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  • Other Names: 伝馬所 (denmasho; post horse station), 会所 (kaisho; meeting place)
  • Japanese: 問屋場 (toiyaba)

Toiyaba were offices, located at post-stations (shukuba) along the major highways of early modern Japan, which provided porters and horses for travelers, as well as facilitating the passing along of letters and packages, especially for samurai and other elites. Post-horses known as denma were typically used only between one post-station and the next, in a relay fashion; couriers or others carrying packages or luggage along the highway would stop at the toiyaba in each town to change horses. This relay system was known as shukutsugi 宿継.[1]

These toiyaba were sometimes attached to the residence of the head official of the post-station, and were sometimes separate buildings. As the name implies, they were typically associated with toiya or tonya, officially authorized wholesalers who managed the trade in a given good. When a post-town had multiple tonya, there was typically one toiyaba operated by each.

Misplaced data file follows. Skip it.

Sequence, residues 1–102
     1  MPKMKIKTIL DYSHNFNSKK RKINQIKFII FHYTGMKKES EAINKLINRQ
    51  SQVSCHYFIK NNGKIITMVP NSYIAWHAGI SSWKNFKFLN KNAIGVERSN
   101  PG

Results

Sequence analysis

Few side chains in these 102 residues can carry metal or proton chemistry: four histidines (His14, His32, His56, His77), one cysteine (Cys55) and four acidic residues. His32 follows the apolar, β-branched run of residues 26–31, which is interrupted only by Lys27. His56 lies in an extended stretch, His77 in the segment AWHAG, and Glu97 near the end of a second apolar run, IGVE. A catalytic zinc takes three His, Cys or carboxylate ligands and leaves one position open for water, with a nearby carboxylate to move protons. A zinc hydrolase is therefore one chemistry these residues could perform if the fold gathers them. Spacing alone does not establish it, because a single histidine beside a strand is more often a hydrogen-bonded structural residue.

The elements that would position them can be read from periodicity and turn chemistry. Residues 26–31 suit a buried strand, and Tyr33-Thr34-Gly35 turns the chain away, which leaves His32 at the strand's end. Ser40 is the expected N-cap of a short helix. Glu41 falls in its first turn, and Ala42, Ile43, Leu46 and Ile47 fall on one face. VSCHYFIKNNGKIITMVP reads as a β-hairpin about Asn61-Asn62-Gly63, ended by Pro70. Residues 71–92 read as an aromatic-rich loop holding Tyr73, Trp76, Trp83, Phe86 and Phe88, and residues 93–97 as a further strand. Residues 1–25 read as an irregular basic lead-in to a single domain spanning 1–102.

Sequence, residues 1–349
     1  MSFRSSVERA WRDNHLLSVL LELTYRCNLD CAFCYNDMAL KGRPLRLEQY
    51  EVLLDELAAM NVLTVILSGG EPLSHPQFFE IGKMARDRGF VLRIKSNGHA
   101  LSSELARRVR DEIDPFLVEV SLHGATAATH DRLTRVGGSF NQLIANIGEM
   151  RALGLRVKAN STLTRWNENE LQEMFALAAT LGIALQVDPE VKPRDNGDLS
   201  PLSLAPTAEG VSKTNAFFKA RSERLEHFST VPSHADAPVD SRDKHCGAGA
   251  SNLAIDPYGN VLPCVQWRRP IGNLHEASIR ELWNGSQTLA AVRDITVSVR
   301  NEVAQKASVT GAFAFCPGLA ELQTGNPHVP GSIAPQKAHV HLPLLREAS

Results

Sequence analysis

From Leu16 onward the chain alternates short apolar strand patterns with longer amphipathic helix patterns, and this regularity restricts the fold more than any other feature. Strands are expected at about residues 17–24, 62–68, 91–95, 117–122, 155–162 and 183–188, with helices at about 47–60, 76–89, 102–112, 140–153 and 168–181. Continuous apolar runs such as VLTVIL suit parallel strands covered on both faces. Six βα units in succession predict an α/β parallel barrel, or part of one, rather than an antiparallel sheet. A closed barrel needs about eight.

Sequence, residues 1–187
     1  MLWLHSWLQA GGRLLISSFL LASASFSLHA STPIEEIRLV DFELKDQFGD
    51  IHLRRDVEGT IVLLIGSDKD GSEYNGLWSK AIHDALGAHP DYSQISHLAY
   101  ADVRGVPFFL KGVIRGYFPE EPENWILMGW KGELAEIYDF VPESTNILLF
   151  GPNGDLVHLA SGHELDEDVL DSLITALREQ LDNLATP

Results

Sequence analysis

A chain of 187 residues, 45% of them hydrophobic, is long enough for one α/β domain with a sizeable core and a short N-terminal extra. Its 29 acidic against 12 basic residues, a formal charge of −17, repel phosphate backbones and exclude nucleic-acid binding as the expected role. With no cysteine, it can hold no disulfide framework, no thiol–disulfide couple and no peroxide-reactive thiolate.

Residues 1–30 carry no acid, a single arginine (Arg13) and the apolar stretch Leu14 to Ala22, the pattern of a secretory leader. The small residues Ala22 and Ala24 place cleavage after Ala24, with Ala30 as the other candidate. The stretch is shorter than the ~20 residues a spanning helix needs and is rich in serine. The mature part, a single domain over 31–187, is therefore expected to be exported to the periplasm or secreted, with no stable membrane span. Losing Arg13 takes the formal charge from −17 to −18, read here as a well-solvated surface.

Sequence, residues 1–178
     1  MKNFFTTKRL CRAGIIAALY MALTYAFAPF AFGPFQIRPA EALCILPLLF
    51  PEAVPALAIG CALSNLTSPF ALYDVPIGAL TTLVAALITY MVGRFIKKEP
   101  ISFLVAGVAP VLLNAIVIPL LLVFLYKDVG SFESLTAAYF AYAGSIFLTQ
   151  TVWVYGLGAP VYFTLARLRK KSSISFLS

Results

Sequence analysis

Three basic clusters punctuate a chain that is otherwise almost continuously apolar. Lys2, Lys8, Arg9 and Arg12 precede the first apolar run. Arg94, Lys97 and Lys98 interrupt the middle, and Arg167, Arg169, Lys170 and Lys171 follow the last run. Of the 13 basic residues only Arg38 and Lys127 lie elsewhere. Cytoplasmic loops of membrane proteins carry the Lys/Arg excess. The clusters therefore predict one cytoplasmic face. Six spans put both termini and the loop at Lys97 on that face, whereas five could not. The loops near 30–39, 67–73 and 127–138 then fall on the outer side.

Often, officials in charge of managing porters, post horses, etc. took turns running the office, but at times of heavy traffic, they all might cram into the space. When the porters or horses maintained by the toiyaba were insufficient, as might often be the case with large sankin kôtai entourages for example, they relied on sukegô (corvée) from neighboring areas.


  • "Toiyaba," Sekai daihyakka jiten 世界大百科事典, Hitachi Solutions, 2013.
  1. Gallery labels, Futagawa-juku honjin shiryôkan.[1]